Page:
Stop burning fossil fuels. Sell more electric cars. Make buildings greener. Save more forests. The world is already awash in scientific advice on how to address the widening risks of global warming. Yet this week’s report from the UN’s Intergovernmental Panel on Climate Change is different. At nearly 3,000 pages, it is the most comprehensive analysis of what can be done to ward off dangerous levels of warming since the Paris climate accord was agreed in 2015.
It will help to shape climate policy debates for years to come. Its message is both stark and compelling. The window for limiting global warming to 1.5C is closing fast. Global emissions should ideally peak within just three years. Greener lifestyles can help, but more sweeping structural changes are needed. Gas, oil and especially coal use must fall steeply.
The good news is that a lot of what is needed is under way. The study shows prices of green alternatives to fossil fuels have not merely dipped, but plunged. Between 2010 and 2019, solar power and lithium ion battery costs fell by 85 per cent, while wind energy dropped by 55 per cent. Solar panels and wind turbines can now compete with fossil-fuelled power generation in many places and the deployment of green technologies has ballooned. Some of this growth is due to an impressive expansion of climate policies and laws since the last big IPCC assessment was finalised in 2014. This in turn has led to the avoidance of emissions and pumped up investment in low-carbon infrastructure.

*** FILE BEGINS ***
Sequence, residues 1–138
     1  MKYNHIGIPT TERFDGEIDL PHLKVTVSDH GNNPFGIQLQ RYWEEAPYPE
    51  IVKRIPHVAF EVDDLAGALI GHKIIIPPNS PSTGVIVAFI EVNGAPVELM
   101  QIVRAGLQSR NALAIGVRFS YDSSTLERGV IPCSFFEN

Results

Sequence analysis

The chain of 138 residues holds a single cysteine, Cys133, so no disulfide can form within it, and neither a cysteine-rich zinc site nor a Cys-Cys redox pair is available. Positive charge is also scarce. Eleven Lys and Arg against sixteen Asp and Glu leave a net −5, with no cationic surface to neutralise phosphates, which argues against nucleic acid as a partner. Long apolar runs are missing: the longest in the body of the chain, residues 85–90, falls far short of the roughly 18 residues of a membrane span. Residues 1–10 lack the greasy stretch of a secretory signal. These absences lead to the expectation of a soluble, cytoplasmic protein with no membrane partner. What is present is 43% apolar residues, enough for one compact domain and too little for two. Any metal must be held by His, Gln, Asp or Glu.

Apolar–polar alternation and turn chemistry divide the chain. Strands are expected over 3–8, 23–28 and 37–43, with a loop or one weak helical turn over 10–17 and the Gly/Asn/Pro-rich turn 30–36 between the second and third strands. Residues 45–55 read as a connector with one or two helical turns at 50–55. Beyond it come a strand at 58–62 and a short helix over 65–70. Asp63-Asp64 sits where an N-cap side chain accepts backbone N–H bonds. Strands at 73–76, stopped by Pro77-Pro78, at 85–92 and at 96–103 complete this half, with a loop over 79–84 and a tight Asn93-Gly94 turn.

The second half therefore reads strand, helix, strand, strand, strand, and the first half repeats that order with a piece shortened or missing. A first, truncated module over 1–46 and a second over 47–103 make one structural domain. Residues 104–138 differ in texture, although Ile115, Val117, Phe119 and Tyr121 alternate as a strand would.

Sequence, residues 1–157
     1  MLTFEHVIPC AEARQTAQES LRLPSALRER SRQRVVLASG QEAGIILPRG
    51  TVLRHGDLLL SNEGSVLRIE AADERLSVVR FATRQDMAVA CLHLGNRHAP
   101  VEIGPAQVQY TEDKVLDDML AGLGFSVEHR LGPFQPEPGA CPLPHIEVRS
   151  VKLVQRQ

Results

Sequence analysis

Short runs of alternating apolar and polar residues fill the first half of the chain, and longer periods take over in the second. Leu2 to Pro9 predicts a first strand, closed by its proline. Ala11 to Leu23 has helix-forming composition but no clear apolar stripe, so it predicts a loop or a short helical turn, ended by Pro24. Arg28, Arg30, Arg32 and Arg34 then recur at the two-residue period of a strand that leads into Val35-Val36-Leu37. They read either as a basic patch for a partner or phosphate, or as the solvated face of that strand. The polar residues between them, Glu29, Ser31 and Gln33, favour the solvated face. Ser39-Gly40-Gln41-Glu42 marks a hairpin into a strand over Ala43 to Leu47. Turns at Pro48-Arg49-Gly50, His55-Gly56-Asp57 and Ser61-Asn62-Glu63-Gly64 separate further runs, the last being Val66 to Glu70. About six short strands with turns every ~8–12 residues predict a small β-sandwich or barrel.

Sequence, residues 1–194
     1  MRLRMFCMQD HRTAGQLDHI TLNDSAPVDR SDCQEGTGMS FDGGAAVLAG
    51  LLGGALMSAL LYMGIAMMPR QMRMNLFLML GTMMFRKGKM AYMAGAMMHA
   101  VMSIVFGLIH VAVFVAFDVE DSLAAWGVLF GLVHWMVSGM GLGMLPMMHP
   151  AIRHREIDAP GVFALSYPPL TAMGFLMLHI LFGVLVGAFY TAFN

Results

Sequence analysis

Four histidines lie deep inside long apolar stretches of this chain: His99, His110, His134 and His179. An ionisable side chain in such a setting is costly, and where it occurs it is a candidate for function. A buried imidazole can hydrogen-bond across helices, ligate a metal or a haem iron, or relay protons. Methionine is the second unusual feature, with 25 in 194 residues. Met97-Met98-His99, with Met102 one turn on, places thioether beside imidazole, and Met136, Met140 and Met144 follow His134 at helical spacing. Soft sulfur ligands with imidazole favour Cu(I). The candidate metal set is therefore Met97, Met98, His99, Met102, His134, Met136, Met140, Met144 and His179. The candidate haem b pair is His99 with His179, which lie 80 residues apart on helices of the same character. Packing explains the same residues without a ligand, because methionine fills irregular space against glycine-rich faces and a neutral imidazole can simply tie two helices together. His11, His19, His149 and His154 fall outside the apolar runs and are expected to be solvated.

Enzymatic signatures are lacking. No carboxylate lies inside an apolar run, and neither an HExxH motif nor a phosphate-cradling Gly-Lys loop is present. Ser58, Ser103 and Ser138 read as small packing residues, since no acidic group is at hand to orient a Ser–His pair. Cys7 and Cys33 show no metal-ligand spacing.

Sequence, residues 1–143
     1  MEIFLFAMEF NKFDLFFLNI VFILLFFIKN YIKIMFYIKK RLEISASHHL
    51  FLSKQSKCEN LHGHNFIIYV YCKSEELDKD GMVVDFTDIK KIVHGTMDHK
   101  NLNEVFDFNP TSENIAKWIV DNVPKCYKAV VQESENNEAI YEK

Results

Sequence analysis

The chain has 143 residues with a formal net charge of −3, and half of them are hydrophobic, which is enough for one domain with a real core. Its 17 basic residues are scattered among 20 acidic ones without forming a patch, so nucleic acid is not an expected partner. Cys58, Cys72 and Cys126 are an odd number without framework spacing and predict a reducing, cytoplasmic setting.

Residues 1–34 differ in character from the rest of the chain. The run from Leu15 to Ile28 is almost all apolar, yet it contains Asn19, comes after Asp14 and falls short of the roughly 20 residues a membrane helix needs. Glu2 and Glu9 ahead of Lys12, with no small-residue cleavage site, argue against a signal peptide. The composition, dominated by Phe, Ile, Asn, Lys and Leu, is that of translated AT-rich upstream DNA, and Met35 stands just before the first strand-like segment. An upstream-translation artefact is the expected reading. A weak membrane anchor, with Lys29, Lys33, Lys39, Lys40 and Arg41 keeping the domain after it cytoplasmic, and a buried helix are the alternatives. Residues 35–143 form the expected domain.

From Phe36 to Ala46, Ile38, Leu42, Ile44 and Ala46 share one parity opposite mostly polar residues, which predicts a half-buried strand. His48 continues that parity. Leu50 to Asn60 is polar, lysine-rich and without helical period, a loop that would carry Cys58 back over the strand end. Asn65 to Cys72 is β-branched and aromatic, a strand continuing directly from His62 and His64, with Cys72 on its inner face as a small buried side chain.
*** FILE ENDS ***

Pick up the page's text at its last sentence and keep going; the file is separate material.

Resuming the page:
At least 18 countries have reduced their emissions for more than a decade, sometimes by 4 per cent a year, a rate in line with what is needed globally to keep temperatures at safer levels. If all countries acted to limit warming to 2C or less, the authors say global GDP would be just a few percentage points lower by 2050. And that calculation does not take account of the economic benefits of avoiding climate damage and lowering the cost of adapting to higher temperatures.
Most encouragingly, the growth in greenhouse gas emissions has slowed, from an annual average of 2.1 per cent at the start of this century to 1.3 per cent between 2010 and 2019. Yet this is not nearly enough. Progress in some countries has been outweighed by soaring emissions elsewhere. Climate finance for poorer countries is lacking. For all the vows of action, the authors say the world is on track for a catastrophic 3.2C of warming by the end of the century — more than double the 1.5C limit agreed in the Paris accord.
To have a chance of meeting that 1.5C goal, emissions need to peak by 2025 at the latest and fall by an unprecedented 43 per cent by 2030. Even then, the report says it is “almost inevitable” that the 1.5C threshold will be exceeded, at least temporarily — a sobering prospect given the weather extremes that have occurred at just 1.1C of warming.
The scale of change needed is colossal. Aiming for 1.5C requires coal use to drop by 95 per cent, oil by 60 per cent and gas by 45 per cent by 2050. These goals look even harder to reach at a time of high inflation, though the war in Ukraine might conceivably speed up a green transition as western markets cut off Russian fossil fuels.
The science of climate change is now well understood, as are the technical solutions. The larger problem is politics, as the IPCC itself showed. Its report was held up by wrangling among the 195 countries approving it, some of which depend heavily on fossil fuels or lack the resources to build a greener economy. After more than a century of unsustainable energy and land use, the world has begun to turn. New ways of shifting even faster must now be found.
Original source: Financial Times